On the capacity of information processing systems
; 29th Annual Conference on Learning Theory, PMLR 49:1292-1297, 2016.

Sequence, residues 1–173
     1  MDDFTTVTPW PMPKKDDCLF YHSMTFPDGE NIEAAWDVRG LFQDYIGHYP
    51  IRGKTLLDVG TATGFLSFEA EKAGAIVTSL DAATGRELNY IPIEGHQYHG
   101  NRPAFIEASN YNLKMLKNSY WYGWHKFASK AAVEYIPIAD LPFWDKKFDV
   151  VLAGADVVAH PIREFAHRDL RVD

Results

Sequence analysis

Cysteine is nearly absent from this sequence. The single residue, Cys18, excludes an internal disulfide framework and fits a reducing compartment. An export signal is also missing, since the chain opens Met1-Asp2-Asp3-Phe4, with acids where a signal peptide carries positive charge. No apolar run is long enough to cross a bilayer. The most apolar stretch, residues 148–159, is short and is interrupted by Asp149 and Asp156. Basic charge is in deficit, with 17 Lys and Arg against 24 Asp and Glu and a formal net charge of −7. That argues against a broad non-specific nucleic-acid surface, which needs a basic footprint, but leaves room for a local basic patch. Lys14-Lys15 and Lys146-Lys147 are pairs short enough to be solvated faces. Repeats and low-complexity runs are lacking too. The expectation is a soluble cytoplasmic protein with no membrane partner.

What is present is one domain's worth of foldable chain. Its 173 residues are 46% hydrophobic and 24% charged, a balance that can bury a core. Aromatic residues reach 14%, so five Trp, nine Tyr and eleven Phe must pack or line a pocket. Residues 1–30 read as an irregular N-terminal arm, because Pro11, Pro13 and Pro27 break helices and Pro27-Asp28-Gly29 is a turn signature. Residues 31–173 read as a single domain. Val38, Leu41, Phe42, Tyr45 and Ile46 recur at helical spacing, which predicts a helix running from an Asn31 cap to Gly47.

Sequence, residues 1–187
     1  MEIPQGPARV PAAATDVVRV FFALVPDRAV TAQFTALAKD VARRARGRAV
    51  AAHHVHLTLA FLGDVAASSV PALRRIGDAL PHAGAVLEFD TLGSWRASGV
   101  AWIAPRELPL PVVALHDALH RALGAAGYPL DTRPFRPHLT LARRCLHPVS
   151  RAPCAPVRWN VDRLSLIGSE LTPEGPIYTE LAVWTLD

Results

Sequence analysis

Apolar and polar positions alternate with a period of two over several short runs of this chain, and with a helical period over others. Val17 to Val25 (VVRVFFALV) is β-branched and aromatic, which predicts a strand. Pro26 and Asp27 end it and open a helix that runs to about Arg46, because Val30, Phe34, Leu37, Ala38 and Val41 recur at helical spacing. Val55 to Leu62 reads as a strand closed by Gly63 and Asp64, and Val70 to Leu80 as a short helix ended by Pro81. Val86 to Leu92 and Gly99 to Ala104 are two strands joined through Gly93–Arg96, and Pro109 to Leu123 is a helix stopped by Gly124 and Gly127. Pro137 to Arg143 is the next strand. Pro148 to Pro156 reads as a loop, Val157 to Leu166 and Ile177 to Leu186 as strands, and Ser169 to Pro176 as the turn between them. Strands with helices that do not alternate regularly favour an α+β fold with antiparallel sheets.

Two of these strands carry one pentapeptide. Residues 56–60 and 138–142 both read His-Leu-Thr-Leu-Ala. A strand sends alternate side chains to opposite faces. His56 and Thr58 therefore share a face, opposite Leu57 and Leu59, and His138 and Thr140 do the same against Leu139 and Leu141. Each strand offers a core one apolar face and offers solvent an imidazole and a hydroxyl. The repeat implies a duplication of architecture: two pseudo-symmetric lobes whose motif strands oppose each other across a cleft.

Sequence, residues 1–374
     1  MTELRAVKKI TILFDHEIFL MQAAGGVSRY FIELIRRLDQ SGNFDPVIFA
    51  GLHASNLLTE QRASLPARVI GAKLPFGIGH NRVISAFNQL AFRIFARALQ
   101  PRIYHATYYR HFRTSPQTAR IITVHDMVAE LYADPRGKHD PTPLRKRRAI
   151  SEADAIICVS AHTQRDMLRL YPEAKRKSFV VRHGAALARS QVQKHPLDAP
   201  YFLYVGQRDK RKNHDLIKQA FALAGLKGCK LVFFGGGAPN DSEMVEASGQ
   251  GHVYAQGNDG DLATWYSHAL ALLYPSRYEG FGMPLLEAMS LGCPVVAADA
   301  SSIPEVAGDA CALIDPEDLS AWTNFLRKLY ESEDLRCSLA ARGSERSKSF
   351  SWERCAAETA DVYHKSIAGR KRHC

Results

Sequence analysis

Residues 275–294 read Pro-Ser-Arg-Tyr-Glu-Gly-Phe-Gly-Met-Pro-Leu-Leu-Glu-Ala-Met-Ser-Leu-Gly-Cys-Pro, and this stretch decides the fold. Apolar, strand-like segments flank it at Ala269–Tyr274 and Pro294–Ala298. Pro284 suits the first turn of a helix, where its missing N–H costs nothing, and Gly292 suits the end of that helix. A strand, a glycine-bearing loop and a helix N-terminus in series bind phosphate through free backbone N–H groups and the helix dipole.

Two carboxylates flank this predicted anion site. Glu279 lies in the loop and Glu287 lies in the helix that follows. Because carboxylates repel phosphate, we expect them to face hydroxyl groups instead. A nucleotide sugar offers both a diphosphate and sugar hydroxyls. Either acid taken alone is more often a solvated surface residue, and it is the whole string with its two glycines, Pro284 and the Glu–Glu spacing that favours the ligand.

We propose and analyze a family of \emphinformation processing systems, where a finite set of experts or servers are employed to extract information about a stream of incoming jobs. Each job is associated with a hidden label drawn from some prior distribution. An inspection by an expert produces a noisy outcome that depends both on the job’s hidden label and the type of the expert, and occupies the expert for a finite time duration. A decision maker’s task is to dynamically assign inspections so that the resulting outcomes can be used to accurately recover the labels of all jobs, while keeping the system stable. Among our chief motivations are applications in crowd-sourcing, diagnostics, and experiment designs, where one wishes to efficiently discover the nature of a large number of items, using a finite pool of computational resources or human agents. We focus on the \emphcapacity of such an information processing system. Given a level of accuracy guarantee, we ask how many experts are needed in order to stabilize the system, and through what inspection architecture. Our main result provides an adaptive inspection policy that is asymptotically optimal in the following sense: the ratio between the required number of experts under our policy and the theoretical optimal converges to one, as the probability of error in label recovery tends to zero.